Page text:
The San Diego city ethics commission has reached a stipulated agreement with La Jolla luxury car dealer Marc Chase to fork over a hefty penalty in the political-money-laundering case involving a Mexican national, GOP district attorney Bonnie Dumanis, and fallen Democratic mayor Bob Filner, among others.
"Chase agreed to pay a fine of $80,000 for laundering or facilitating the laundering of campaign funds totaling $156,500 from Jose Susumo Azano Matsura, one of his customers, to various committees supporting mayoral candidates in the 2012 election cycle," says an April 10 news release issued by the commission.
"In particular, Chase solicited contributions from eight of his associates to the Bonnie Dumanis for Mayor 2012 committee, and illegally reimbursed them with cash he had received from Azano.
"In addition, he personally laundered a $120,000 contribution from Azano to the San Diegans in Support of Bob Filner for Mayor 2012 committee, and a $30,000 contribution from Azano to the San Diego County Democratic Party.
"The Commission opened an investigation in this matter in August of 2013, and the staff worked cooperatively with Federal Bureau of Investigation as well as the Office of the United States Attorney during the course of the investigation.”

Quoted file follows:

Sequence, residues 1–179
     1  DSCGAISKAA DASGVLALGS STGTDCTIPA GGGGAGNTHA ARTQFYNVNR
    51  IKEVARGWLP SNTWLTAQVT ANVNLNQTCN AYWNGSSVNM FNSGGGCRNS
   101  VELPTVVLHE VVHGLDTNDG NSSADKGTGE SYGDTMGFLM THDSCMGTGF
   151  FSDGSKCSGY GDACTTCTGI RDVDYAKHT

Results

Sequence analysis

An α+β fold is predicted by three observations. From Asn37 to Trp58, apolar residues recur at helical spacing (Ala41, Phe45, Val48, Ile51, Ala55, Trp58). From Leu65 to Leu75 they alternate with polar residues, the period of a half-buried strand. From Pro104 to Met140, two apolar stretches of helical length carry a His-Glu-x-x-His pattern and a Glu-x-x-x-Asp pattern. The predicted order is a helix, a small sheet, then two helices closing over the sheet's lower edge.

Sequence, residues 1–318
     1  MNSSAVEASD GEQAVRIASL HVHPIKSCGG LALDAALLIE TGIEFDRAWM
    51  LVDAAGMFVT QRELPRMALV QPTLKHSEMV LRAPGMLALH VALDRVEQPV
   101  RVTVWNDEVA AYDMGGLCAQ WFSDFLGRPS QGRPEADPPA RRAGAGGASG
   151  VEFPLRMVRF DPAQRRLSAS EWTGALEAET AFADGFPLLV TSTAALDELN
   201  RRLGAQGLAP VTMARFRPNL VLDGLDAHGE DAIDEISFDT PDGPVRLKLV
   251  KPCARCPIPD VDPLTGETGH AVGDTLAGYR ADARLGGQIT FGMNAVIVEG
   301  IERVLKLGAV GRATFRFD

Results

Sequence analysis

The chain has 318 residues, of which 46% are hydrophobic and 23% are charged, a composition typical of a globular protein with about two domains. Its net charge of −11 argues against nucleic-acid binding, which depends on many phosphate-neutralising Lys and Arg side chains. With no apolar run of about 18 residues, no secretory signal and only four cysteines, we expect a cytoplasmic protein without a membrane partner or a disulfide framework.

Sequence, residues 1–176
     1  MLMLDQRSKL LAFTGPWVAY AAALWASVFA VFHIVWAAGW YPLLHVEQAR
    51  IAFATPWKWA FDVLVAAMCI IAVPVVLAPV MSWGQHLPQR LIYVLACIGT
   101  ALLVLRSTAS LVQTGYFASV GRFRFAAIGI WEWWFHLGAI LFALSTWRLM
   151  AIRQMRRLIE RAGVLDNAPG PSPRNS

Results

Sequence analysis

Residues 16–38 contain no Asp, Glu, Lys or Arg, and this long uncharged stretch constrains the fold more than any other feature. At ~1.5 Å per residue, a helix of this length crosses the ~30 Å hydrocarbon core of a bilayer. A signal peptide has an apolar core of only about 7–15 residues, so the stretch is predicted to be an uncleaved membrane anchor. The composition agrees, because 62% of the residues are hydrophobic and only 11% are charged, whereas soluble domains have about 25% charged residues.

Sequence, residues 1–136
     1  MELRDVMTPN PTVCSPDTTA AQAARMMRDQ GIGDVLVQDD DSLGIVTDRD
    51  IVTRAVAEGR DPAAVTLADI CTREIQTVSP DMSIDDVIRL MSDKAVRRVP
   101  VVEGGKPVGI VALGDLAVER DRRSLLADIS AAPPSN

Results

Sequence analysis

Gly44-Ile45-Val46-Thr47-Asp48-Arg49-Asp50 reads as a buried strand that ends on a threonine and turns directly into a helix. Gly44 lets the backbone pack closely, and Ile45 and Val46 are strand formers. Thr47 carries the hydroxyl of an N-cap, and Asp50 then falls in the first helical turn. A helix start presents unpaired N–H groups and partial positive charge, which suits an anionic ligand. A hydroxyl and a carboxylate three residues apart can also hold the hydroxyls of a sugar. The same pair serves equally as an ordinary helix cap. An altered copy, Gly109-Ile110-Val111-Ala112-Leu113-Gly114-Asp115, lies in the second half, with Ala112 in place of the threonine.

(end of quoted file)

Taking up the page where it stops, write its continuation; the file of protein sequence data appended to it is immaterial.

Ethics commission executive director Stacey Fulhorst, the release continued, "noted that Ethics Commission fines are paid to the City of San Diego’s General Fund, and the stipulated settlement approved by the Commission resolves all factual and legal issues without the necessity of holding an administrative hearing."
The car dealer has entered a guilty plea in the federal case against Azano, as announced in an April 10 press release by the U.S. Attorney's Office in San Diego
Chase, the release said, "pleaded guilty today to eight misdemeanor counts of campaign finance crimes, including conspiracy, aiding and abetting contributions by a foreign national and making a conduit or 'straw' contribution in connection with a federal campaign. He faces up to eight years in prison and $800,000 in fines for his conduct.
"At the same hearing, two of Chase’s corporations – South Beach Acquisitions, Inc., and West Coast Acquisitions, Inc. – consented to the filing of felony charges of conspiracy, and entered into deferred prosecution agreements with the government.
"Chase confessed to helping make a series of donations by Azano, a foreign national who by law cannot provide financing to American political campaigns.
"In addition, Chase admitted to facilitating a conduit contribution in connection with a federal campaign — which is illegal even if the source is a citizen. In acknowledging his participation in the conspiracy, Chase admitted that he acted to cover up the illegal activity, ensuring that Azano’s name did not appear in any public record or filing."